diarrhea, hair loss, taste changes, fatigue, depression, and sexual changes. For
example, a decreased desire for sexual activity. With certain treatments, you may
have other side effects, such as muscle pain, skin rash, and numbness, tingling or
a burning sensation in your hands or feet.
It is important to tell your doctor if you are having any side effects, so you
can be given information to help prevent or control these symptoms. Your doctor
may need to stop your chemotherapy until your side-effects improve or your
chemotherapy dose may need to be changed for future treatments to lessen your
side effects. Here are some tips on how to manage side-effects and take care of
yourself during your treatments: get plenty of rest with at least eight hours
of sleep each night. However, doing some gentle exercise each day may help you
feel better. Try to drink eight to ten eight ounce glasses of non-caffeinated
fluid each day. Eating five or six small meals each day instead of three larger meals
may help control an upset stomach or diarrhea. Your healthcare team can give
you a list of some foods to eat and also some foods to avoid. Use an electric
shaver instead of a razor to avoid bleeding. Use a soft toothbrush to help
keep your gums from bleeding or becoming sore to lower the chance of you getting
an infection. Wash your hands often with soap and water and stay away from people
that are sick. You should also be careful around animals. Do not clean your cat’s
litter box or pick up dog waste. Use lotion and sunscreen suggested by your
health care team to help with dry, itching skin or to prevent sunburn, stay
out of direct sunlight. In taking care of yourself, it is also
important to be aware of your emotions. It is normal to feel alone, afraid, sad,
angry or anxious. We know this can be a stressful time for you.
Your healthcare team is available to give you support and to share ways to
help you through this experience. It is always important to tell your health
care team how you are feeling. There may be times when you need to call the
doctor if something changes. You should call the doctor or nurse practitioner if
you have any of the following: a fever of 100 point 4 degrees or higher. When you
are getting chemotherapy, a fever can be life-threatening if not treated. Call if
you feel dizzy, lightheaded have shortness of breath or you find it hard
to breathe. You should call if you notice unusual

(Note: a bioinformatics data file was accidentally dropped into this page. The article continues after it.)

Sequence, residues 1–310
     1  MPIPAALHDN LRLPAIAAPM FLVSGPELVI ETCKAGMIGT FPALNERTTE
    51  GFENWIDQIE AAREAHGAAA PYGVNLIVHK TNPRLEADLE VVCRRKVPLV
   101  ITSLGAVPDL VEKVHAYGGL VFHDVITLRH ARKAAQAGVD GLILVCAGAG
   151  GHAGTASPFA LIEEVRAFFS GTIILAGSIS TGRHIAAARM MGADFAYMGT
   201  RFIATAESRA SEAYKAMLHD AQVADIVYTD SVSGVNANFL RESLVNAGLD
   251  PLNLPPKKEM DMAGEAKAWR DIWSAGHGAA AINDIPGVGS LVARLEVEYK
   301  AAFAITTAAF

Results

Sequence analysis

bruising or bleeding or excessive fatigue such as feeling tired all of the
time with or without activity. Call if you have nausea, vomiting, diarrhea or
constipation that lasts for more than 48 hours after your chemotherapy treatment.
Let your health care team know if you find mouth sores including sores on your
gums or tongue, white patches in your mouth or have painful swallowing. It is
important to call the doctor if you have any signs or symptoms of infection such
as chills or you notice the skin where an IV was placed is now warm, swollen,
tender, sore or red. A rash, cough, headache or earache, a stiff
neck, bloody or cloudy urine, pain when urinating or a frequent need to urinate,
sinus pain or pressure. Now, let’s review some important points we have covered.
Some ways to care for yourself while you are receiving chemotherapy include, get
eight hours of sleep each night, drink eight to ten eight ounce glasses of
non-caffeinated fluids, eat five or six small meals each day, use an electric
shaver instead of a razor, brush your teeth with a soft toothbrush, wash your
hands often with soap and water, stay away from people who are sick, be careful
around animals to avoid infection. Take good care of your skin, be aware of your
emotions. It is important to call the doctor right away if you have a fever of
100 point 4 degrees or higher, you should also call if you have any of the
following: shortness of breath or if it is hard to breathe, feel dizzy or
lightheaded, unusual bruising or bleeding, feel tired
all of the time with or without activity, nausea, vomiting or diarrhea, constipation,
mouth sores or white patches in your mouth or have pain when swallowing, any
signs of infection. We hope this information has helped you to better
understand what to expect when you get chemotherapy at The James and how to
care for yourself during this time. Write down any questions you might have
for your healthcare team and bring them with you to each appointment. We are
honored to care for you during your cancer treatment. Thank you for choosing
The James.